We Americans love our long-distance road trips. So much so that it’s practically a rite of passage for people of every background. We’ve memorialized these adventures through literary works like Steinbeck’s Travels with Charlie and through countless films like Easy Rider and Lost in America.

Yet, today’s road-trippers are more eco-minded than ever- conscientious about the environmental toll brought about by traditional petroleum-fueled cars.

Of course, that $3.00-per-gallon gas makes the budget-minded, would-be wanderers reluctant to stray too far from home.

Lucky for them, it’s beginning to look like the wallet-draining, gasoline-fueled American road trip may soon be a thing of the past.

Enter the electric vehicle (EV)-the cars and trucks that run on powerful batteries instead of fossil fuels. While EVs aren’t a new product, they recently become affordable and popular enough to warrant massive infrastructure investments that have finally made a cross-country trip possible with an EV.

By “infrastructure,” we mean charging stations. Convenient places to plug in your electric pony and energize your ride for another 200 miles.

Are There Enough Stations to Charge My Car?

In recent years, we’ve seen an explosion in the growth of EV charging stations across the U.S.-many of which incorporate solar-powered energy. You can find them in nearly every state, across the American Heartland.

The U.S. Department of Energy maintains a handy and interactive map-based resource for finding the right charging station for your vehicle type-anywhere in the U.S.

In fact, they provide data on more than 22,000 charging stations across the nation!

Let’s look at an example.

Say you want to drive from Motown to Hollywood-perhaps as a nod to the past of The Motor City’s prized gas-guzzlers toward a future of California-based eco-cars.

Here’s what a map would look like.

Electric Vehicle charge stations - from Motown to Hollywood
Credit: U.S. Department of Energy

See all those dots? Each one is a charging station for your EV.

Want to take a different route? No problem. Just plug in your departure and destination cities, and you’ll get a ready-to-use charging map.

How Long Does Charging Really Take?

The charging times depend on whether you charge at a friend’s house or a more advanced fast-charging station. See the infographic below for details.

So, Which EV Should I Buy?

Like any worthwhile purchase, you’ll have to make an up-front investment before you start realizing any real returns. But once you make the switch to an EV, you’ll soon understand all the ways it saves you cash while still giving you the freedom to travel the open road.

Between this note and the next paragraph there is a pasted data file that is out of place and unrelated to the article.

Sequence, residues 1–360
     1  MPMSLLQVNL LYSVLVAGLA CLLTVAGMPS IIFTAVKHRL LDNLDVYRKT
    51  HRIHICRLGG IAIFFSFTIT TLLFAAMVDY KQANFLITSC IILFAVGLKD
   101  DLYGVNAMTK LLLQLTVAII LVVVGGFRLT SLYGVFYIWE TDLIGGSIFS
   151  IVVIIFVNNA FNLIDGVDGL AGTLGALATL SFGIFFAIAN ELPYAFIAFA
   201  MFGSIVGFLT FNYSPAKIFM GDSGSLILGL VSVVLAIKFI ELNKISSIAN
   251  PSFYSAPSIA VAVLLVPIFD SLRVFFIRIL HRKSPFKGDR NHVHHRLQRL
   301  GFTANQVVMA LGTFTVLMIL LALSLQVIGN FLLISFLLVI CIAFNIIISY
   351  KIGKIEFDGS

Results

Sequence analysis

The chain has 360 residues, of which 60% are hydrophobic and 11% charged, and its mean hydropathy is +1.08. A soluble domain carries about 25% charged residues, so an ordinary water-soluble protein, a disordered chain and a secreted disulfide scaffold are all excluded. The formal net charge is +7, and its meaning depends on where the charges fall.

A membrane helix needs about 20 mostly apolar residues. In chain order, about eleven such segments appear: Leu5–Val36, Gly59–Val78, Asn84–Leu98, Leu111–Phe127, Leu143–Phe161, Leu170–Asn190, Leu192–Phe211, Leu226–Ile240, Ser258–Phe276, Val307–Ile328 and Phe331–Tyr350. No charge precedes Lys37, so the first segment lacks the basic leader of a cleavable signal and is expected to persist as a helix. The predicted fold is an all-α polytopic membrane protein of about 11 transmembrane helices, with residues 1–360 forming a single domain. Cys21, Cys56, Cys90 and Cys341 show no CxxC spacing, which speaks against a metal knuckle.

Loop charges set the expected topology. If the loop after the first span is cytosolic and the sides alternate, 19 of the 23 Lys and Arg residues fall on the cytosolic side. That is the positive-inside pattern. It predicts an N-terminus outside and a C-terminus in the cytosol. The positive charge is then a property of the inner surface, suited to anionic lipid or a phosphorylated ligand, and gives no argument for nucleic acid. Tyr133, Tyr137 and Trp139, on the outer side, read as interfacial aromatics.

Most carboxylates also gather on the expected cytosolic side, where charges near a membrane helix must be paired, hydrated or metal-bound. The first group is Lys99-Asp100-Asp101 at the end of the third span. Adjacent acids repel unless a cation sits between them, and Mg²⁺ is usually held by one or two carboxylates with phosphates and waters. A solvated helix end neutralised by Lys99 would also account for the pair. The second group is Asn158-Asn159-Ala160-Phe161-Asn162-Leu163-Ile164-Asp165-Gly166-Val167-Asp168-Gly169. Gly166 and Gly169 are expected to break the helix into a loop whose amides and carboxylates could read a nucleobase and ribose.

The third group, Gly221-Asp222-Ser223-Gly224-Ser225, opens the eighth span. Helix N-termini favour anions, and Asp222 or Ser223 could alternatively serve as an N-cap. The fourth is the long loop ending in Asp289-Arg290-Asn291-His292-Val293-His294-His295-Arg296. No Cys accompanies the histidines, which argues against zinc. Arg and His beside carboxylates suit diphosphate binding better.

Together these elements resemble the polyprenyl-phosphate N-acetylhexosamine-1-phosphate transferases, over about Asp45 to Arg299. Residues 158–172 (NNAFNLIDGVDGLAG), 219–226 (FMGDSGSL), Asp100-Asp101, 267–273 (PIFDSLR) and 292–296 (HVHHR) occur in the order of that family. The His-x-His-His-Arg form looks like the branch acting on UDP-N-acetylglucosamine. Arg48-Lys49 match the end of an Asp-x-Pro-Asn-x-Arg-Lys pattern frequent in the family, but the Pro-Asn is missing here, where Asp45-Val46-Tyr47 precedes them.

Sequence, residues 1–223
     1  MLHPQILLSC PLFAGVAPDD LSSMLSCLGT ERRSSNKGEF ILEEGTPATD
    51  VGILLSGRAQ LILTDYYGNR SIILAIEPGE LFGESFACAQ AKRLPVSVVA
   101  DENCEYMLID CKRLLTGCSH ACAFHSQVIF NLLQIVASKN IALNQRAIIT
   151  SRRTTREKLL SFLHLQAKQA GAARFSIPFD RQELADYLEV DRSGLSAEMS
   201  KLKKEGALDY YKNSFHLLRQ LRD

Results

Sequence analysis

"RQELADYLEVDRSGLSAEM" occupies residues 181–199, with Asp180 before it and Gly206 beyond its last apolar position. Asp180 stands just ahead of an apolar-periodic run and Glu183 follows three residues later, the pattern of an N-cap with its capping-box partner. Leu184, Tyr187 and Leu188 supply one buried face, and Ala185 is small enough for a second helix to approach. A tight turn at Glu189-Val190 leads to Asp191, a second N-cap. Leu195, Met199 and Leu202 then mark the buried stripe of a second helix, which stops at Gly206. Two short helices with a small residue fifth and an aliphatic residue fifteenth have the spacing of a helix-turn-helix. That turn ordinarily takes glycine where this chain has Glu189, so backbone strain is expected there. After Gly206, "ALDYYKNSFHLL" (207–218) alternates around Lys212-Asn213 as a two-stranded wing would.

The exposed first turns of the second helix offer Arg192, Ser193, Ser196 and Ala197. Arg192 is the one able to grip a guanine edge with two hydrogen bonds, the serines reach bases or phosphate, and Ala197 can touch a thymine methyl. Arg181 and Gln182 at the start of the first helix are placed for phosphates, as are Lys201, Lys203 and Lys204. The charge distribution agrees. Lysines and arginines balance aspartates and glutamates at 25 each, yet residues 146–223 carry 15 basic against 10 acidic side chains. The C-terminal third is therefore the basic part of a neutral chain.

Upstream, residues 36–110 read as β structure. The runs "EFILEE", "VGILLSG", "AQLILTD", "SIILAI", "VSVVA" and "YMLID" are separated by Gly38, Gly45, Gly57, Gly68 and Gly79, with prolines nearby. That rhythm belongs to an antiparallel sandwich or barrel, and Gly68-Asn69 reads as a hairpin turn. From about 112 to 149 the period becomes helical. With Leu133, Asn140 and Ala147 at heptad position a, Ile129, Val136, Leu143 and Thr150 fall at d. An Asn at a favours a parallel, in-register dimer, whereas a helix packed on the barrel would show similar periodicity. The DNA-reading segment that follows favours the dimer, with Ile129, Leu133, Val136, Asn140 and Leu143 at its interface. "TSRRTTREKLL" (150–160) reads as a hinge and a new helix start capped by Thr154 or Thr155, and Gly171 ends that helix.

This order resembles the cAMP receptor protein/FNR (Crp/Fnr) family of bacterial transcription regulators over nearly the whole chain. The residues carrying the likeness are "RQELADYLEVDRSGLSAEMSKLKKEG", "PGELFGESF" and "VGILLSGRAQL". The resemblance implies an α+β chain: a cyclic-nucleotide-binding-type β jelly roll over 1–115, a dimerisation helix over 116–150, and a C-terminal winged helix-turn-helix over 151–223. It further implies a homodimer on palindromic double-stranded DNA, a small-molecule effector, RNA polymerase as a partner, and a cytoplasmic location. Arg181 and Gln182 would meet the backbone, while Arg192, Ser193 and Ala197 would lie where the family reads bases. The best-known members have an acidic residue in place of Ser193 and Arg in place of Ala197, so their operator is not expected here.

(Remember that you can still cash in on electric vehicle tax incentives.)

  • Tesla Model 3 ($35,000): Model 3 is nearly half the price of other models and can hold a single charge for up to 220 miles. Tesla has the best brand-name recognition in the electric market and is known for excellent customer service. While they weren’t always the most affordable, they were always among the coolest EV options out there. And they come with all kinds of fun features like Sentry Mode and autonomous driving.
  • Chevy Bolt: ($37,495): You may have heard of the Chevy Volt, but today we’re talking about the superior Chevy Bolt. The Bolt has more cargo room than the Volt, making it great for cross-country adventures. The Bolt has become one of the most popular electric vehicles on the market because it’s affordable and has a single charge capacity of more than 200 miles. The Chevy Bolt has been on the market long enough to earn a trusted reputation. It supports DC fast charging.
  • 2019 Hyundai Kona Electric ($35,000): The 2019 Hyundai Kona Electric is an affordable option with a base price of $35,000. This vehicle is estimated to hold an unprecedented 258 miles on a single charge. But the batteries don’t take up all the room- you can still load up your luggage and passengers for your next Pan-American excursion. The car supports DC fast charging, which is a necessity when traveling.

Closing Thoughts

Experts predict there’s a renewable energy revolution on the horizon.

If we can learn to put political differences aside, we might just be able to reduce our negative impact on the environment.

All it takes is a few simple behavioral changes like adopting sustainable energy sources. Like wind and solar electricity to power our homes and even our electric vehicles, so we can tour this Brave New World. See the full original post on the CarRentals blog.

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